Friday, February 13, 2015

How deep is the Hocking River?

Well that depends on how much water is in the Hocking River, as well as where in the river you happen to be when you ask that question! 

Fortunately, the United States Geological Survey provides that answer.  The U.S. Geological Survey (USGS) started keeping tabs on how much water is in rivers in 1889.  The first river was the Rio Grande in New Mexico to help determine if there was adequate water for irrigation purposes to encourage new development and western expansion. Since then the program has grown.  The USGS currently operates over 7,000 stream gauging stations nationwide. 

If you’ve ever seen a metal box about the size of a small closet sprouting antennae, near the bridge of a river overpass, you’ve seen one of these stations. These stream gauges provide streamflow information for a wide variety of uses including flood prediction, water management and allocation, engineering design, research, operation of locks and dams, and recreational safety and enjoyment.

As it turns out, the USGS has one of their stations just upriver from us. 
USGS station 03157500 Hocking River

 As an example, below is a screen shot from 7:00pm on January 9th of the daily discharge chart shown at the bottom of the page linked above, showing a CFS of 597.  Discharge measures the volume of the Hocking River in Cubic Feet per Second (CFS).

Most recent instantaneous value: 597   01-09-2015  19:00 EST

Daily discharge, cubic feet per second -- statistics for Jan 9 based on 82 years of record more
Most Recent
Value Jan 9

To understand Cubic Feet Per Second (CFS), imagine a slice taken out of the river water from top to bottom and bank to bank.  CFS is basically the amount of water that flows through that slice in one second.  The more water in the river, the higher it is. 

At least, that's the general gist, though in reality it’s a bit more complicated than that.  For our purposes however, it works nicely to think of it in such terms. 

We cross reference "The Most Recent Instantaneous Value" on the real time chart at the USGS site, (which updates every hour) with the chart below to guide us in determining operations.  There are other factors we take into consideration but the CFS is a major determining factor in issuing river trip restrictions for our trips.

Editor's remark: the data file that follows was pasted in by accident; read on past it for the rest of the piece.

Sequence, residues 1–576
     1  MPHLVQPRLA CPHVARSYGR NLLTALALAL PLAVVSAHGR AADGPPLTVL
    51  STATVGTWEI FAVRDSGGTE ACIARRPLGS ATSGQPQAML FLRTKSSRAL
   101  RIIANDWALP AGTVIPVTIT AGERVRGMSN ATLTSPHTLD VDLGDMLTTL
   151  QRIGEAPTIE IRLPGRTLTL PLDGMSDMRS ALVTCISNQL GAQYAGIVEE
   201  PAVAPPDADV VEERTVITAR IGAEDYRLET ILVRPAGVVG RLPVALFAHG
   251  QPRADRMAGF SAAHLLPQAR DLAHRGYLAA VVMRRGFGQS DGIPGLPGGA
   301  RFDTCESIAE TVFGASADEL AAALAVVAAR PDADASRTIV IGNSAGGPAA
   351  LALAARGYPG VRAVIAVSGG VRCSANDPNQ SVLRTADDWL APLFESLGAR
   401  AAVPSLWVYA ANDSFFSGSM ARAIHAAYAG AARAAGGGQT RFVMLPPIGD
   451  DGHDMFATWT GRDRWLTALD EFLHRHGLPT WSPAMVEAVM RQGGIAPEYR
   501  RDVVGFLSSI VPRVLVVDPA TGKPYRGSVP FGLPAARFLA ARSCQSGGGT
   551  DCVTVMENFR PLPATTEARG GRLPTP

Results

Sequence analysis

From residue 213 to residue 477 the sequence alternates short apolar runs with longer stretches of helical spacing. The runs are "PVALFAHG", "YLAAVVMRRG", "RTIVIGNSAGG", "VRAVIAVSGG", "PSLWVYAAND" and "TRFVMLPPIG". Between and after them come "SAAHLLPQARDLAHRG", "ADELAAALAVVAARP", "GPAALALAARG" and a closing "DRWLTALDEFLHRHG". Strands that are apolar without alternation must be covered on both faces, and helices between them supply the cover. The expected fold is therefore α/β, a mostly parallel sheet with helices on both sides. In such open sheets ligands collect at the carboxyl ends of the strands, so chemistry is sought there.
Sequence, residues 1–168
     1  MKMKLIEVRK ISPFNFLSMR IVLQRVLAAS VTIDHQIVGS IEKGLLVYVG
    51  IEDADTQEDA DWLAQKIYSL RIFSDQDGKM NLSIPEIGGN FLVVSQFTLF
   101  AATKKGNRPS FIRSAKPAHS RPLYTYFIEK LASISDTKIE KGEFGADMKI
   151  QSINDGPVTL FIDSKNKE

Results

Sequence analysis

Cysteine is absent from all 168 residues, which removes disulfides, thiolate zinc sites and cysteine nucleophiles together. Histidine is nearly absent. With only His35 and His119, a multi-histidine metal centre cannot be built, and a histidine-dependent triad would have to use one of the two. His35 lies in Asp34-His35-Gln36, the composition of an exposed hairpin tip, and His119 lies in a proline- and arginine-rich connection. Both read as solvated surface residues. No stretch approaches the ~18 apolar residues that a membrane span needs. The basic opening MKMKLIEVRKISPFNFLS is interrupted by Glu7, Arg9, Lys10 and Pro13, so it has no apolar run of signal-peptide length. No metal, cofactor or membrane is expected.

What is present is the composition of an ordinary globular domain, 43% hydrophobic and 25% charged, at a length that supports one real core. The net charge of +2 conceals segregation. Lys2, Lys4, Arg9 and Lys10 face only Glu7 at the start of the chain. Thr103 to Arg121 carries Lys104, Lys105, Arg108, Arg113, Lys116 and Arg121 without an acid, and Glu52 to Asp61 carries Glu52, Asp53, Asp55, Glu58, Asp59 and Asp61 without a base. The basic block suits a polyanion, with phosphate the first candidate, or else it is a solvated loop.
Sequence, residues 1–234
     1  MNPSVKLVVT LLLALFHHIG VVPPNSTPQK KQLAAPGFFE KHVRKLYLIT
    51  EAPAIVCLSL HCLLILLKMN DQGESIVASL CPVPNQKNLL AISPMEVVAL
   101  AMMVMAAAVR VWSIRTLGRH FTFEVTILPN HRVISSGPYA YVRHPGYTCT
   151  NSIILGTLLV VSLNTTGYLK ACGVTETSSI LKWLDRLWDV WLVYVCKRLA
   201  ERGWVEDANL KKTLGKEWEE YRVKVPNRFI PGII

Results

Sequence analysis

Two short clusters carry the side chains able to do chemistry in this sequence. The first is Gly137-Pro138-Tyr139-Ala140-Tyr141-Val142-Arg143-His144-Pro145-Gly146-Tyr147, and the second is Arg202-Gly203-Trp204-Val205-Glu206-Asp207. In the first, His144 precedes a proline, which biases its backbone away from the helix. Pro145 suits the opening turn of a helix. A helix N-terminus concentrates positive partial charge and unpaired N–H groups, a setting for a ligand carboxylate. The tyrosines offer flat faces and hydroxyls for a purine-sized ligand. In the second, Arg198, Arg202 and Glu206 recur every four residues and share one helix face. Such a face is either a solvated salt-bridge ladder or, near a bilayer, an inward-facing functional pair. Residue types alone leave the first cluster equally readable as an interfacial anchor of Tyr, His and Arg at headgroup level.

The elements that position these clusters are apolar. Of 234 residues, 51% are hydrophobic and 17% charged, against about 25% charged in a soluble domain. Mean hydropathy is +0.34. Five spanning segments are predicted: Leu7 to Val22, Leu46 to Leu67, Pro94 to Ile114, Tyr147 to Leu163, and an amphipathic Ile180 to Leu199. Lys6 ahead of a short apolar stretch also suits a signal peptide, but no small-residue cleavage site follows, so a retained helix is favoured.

• 59 or below .... Lower water levels, two people max per canoe
  • 60 - 699 .......... Normal river conditions
  • 300 ................. Low limit for running rafts
  • 700 – 999 ....... Experienced canoeists only, 8 year age limit
  • 1000 – 1799 .... Rafts only on the river
  • 1800 or more .. No river trips, Lake Logan only.
The online records for station 03157500 on the Hocking river only go back to 2007.  The highest CFS recorded since then was on March 20th, 2008 when the Hocking River peaked at Enterprise with over 12,000 CFS.  Records indicate that during the great flood of 1964, the stream gauging station near Athens recorded a CFS approaching 40,000.   

Luckily, the Hocking River is generally a calm smooth river with a few riffles, islands and sand bars, with both trips running on Class I water, perfect for beginners.  Even when the CFS is down to 30, the stretch we run is relatively navigable with only a few areas than may require stepping out of the boat to allow it to float over shallow areas.  Downstream from us are areas of the Hocking River where even at 50 CFS, one can literally step from bank to bank without much trouble.  

So, how deep is the Hocking river?  In normal conditions the depth of the river varies from inches to about 9 feet, depending of course, on where you're standing! The deepest is mid-river, directly in front of our landing.  Occasionally however mother nature intervenes and The Hocking River becomes a place where standing at all, is simply not an option!  
Seeking the lowest point, humility gives water its power

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